I’ve been getting a very similar question/story lately. It goes something like this.
I’ve been eating paleo for months, doing high intensity exercise, doing everything right, and I still can’t drop the weight, I’m still fighting fatigue, and I’m ready to give up.
That statement in itself could mean a lot of things but for the sake of this post, I want to focus on the high intensity exercise piece.
I LOVE high intensity exercise. I do high intensity workouts in a CrossFit manner. But exercise is actually one of the poorest interventions for you to lose weight. Why? Because most measure exercise in terms of calorie expenditure. I don’t really want to get into the calorie-in, calorie-out falsehood of activity and weight. Instead, I’m going to focus on the bigger picture.
If you want to the most out of your fitness routine, you have to make it congruent with your nervous system. Your nervous system has 2 basic sides: Protection and Growth. And if you’ve read anything of mine in the past, you know I love Bruce Lipton’s quote, “You can’t be in growth and protection at the same time.”
Even though you can’t be in growth and protection at the same time, this doesn’t mean you don’t get the full benefit of either side in the same day, or even in the same minute.
Let’s say you’re out for a walk with your dog and you spot a mountain lion lurking up to the side of you stalking you. This would be a moment you definitely want your nervous system to shift into protection mode. Your brain sends hormones to the adrenals to active cortisol and catecholamines. Cortisol quickly acts to dump sugar from your storage into your blood stream. The catecholamines act on your cardiac output and muscle contraction to prep you for what may happen next.
This protection side of life actually puts you in a catabolic state (tissue break down). The more you demand this side of your nervous system to activate throughout the day, the more your body breaks down. In other words, the more stress you are under (physically, chemically, emotionally, socially, spiritually, etc), the more you keep throwing your body into break down mode.
After a while, you realize you are getting more and more tired, you’re achy, and the weight starts packing on and something has to change.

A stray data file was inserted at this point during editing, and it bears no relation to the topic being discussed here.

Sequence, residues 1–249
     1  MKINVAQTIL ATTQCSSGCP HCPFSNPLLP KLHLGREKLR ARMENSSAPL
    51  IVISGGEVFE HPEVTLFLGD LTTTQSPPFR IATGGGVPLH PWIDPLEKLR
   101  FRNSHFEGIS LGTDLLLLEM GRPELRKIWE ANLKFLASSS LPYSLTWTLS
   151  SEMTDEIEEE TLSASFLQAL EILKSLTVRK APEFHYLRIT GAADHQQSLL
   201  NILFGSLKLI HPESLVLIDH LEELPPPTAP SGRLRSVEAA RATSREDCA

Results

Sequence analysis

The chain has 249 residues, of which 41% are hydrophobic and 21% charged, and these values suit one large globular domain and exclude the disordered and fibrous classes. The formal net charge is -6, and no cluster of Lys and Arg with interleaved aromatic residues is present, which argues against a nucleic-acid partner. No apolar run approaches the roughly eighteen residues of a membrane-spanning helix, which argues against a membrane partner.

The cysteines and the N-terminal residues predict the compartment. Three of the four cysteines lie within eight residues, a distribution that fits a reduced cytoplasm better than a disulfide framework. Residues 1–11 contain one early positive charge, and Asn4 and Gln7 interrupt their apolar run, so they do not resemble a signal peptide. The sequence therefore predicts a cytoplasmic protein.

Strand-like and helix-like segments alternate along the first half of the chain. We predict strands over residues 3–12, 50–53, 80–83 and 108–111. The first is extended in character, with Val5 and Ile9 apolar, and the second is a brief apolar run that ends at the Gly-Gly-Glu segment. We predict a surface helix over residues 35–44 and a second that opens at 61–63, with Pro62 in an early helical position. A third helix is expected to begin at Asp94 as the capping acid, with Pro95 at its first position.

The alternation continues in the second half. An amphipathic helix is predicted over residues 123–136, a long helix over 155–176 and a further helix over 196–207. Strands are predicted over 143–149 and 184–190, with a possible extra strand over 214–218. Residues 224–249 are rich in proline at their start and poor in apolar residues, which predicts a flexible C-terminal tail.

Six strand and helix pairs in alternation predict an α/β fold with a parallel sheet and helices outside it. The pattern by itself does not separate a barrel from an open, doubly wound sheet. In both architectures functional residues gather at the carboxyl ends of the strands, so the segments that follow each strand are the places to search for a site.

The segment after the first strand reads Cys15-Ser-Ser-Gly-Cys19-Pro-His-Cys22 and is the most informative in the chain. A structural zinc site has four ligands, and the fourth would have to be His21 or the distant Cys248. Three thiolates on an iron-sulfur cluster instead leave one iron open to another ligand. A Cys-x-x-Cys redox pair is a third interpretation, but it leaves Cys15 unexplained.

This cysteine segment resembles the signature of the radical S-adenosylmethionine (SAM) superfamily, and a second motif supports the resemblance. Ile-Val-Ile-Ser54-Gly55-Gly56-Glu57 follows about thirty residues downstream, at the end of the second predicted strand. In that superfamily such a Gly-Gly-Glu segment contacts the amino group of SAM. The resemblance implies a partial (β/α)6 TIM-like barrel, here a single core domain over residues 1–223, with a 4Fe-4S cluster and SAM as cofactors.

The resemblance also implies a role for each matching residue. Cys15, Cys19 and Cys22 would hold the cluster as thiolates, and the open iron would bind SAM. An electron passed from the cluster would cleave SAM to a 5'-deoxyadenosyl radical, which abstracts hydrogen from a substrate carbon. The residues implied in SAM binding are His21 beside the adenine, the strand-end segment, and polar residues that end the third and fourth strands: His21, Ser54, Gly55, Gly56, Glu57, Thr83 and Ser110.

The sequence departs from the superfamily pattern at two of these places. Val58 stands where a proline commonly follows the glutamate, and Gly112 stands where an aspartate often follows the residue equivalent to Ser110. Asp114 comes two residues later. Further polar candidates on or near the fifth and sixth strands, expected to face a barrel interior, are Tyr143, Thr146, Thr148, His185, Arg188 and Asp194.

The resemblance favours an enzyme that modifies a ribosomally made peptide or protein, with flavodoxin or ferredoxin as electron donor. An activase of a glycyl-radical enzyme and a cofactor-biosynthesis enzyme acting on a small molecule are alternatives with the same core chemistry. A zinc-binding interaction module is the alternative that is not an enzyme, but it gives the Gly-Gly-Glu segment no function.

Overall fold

But if your body is in tissue breakdown mode, why would you actually gain weight? Again, there could be a number of answers. I will simplify this answer to the two biggies of insulin and inflammation.
Fanning the Flames
If you have the typical American busy, toxic, socially isolated lifestyle (even though you eat paleo), your body will favor protection and tissue breakdown to keep you going. The body will do everything in its power to keep you alive the next 30 seconds, even if it’s at the expense of the next 30 years. One of those mechanisms is to dump sugar from stored areas into your blood stream. This is an extremely intelligent action to help you survive.
Your body also has the intelligence to look at the elevated blood sugars and realize that’s not a good plan long term. As a result, insulin gets released to take up the excess sugar and store it. The first place to store excess sugar is in the liver but there’s a small limit and once it reaches that limit, your liver puts the ear plugs on and doesn’t listen to insulin’s pleas anymore. Your muscles are the same; only about a day’s worth of stored energy before they tune out insulin.
The sugar must be stored somewhere so it looks for fats and attaches the sugars to those fat molecules. You know these as triglycerides. Eventually these triglycerides are stored as fat in the non-exclusive club we call the butt, gut, and thighs. Since the excess sugar is stored as fat, this is why fat has been attacked for the past 40 years.